Earlier this week in Washington, D.C., more than 500 leaders from communities around the country met to come up with strategies to improve the well-being of rural America.
The National Rural Assembly considered four policy areas: education, health care, natural resources and investment. It has put forth something called the Rural Compact, a statement of principles about the importance of rural areas to the nation's economic and social health.
What follows are the four principles contained in the compact to build stronger communities and a stronger nation:
* Quality in Education: Every child should have an equal chance to learn, excel and help lead America to a better, brighter future. Education policy should recognize the distinctive challenges and opportunities for rural schools and reflect the unique needs of those students, families and educators.
* Stewardship of Natural Resources: Eighty percent of our country's land is rural. It is a heritage and a trust. We all have a responsibility to protect the environment and develop and sustain our natural resources in ways that strengthen rural communities for the long haul. Good environmental practices and responsive public land management provide the opportunity to promote energy independence, grow healthy food in a sustainable manner, mitigate climate change and develop stronger natural-resource-based economies.
* Health of Our People: All people in America deserve access to good, affordable health care. If we want small towns and rural communities to contribute to the well-being of the nation, we need rural health care systems that work. These should include preventive care, health education and both community-based and high-tech delivery systems.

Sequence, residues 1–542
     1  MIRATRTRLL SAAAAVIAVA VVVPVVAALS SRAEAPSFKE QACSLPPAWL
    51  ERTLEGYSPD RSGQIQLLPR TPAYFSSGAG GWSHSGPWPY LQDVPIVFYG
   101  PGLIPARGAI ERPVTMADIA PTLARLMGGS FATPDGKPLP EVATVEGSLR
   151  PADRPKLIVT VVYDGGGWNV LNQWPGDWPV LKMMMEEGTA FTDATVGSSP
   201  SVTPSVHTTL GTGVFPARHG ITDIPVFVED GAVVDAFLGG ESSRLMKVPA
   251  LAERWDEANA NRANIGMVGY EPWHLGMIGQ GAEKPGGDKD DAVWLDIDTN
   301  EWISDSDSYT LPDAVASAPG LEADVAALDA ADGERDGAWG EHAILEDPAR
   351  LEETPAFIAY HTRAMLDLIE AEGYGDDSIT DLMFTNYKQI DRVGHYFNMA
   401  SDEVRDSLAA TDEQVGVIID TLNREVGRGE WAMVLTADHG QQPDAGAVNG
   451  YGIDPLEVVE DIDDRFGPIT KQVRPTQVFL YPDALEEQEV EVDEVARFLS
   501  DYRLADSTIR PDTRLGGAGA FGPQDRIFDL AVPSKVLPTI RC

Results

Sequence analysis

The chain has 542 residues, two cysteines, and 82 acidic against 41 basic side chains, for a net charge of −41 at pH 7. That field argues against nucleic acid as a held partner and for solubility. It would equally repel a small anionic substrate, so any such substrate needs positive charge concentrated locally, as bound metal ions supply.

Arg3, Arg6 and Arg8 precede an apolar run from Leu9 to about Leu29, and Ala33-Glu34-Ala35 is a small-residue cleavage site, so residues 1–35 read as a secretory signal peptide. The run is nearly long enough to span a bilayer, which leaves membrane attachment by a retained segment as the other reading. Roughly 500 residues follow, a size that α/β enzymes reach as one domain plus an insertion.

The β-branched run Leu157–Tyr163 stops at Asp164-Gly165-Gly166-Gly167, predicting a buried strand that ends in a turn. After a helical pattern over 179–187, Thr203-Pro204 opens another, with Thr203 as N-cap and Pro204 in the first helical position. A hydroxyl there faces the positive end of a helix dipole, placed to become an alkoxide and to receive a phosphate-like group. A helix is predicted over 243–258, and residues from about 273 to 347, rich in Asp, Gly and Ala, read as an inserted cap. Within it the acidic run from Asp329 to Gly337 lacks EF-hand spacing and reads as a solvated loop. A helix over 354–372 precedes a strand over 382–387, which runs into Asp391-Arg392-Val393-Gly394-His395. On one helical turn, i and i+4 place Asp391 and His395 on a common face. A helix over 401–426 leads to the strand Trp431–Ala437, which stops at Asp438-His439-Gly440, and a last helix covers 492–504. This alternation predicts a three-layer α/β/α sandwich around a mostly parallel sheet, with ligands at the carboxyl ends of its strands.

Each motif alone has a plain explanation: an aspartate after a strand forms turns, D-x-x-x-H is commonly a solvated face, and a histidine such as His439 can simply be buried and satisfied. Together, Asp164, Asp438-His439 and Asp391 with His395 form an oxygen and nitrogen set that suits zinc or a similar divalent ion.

* Investment in Our Communities: To fight poverty, create wealth and build sustainable communities, everyone in America needs access to a safe and equitable system for saving, borrowing and building capital. To fully participate in and contribute to the American economy, rural communities need public and private investment, access to philanthropic resources, and the tools to develop their own community-controlled assets.
These four principles, as stated in the Rural Compact, are simple and common sense policy goals that would benefit the whole nation, not just rural areas.
We think that urban areas take rural communities for granted. We know the politicians do. But the needs of city, suburb and countryside are interconnected. Cities and suburbs benefit when rural communities succeed. When rural areas slump, the nation as a whole suffers.
Facing enormous challenges in how we fuel and feed America in future years, we need to come up with a real rural policy that allows places like Vermont to make a contribution to the solutions we need. If you agree, go to www.ruralcompact.org and add your signature to the compact.
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